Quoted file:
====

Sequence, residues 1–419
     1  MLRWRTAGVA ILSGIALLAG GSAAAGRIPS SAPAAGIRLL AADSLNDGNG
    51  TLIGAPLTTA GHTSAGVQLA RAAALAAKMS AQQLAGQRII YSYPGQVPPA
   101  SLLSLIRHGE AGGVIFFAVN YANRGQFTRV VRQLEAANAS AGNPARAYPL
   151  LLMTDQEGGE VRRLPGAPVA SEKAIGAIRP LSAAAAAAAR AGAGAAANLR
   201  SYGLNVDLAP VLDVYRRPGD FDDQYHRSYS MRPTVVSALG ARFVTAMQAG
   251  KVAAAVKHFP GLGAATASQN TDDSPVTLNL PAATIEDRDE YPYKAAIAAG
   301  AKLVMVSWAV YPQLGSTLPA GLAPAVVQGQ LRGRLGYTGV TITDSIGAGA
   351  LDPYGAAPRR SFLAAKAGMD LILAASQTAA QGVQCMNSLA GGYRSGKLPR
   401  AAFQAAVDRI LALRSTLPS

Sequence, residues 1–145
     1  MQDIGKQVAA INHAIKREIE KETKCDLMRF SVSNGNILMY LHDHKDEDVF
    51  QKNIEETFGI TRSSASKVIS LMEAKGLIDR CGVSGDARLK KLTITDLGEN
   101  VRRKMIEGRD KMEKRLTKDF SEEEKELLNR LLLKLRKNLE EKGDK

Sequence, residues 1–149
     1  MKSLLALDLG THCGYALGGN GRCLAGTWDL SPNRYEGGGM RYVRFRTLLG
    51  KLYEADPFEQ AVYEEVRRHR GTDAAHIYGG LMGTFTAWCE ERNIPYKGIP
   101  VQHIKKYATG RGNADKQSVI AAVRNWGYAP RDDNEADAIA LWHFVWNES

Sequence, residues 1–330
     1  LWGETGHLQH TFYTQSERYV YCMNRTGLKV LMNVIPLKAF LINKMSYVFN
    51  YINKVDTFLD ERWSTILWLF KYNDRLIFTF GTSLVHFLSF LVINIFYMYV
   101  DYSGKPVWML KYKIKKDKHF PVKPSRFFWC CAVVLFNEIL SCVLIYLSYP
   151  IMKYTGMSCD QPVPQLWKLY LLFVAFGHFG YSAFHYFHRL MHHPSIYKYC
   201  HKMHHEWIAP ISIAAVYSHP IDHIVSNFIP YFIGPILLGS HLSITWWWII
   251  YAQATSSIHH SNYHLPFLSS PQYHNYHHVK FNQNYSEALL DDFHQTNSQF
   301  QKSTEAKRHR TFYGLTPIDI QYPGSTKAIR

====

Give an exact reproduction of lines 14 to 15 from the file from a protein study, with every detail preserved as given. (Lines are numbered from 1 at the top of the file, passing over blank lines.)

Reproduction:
   101  VRRKMIEGRD KMEKRLTKDF SEEEKELLNR LLLKLRKNLE EKGDK

Sequence, residues 1–149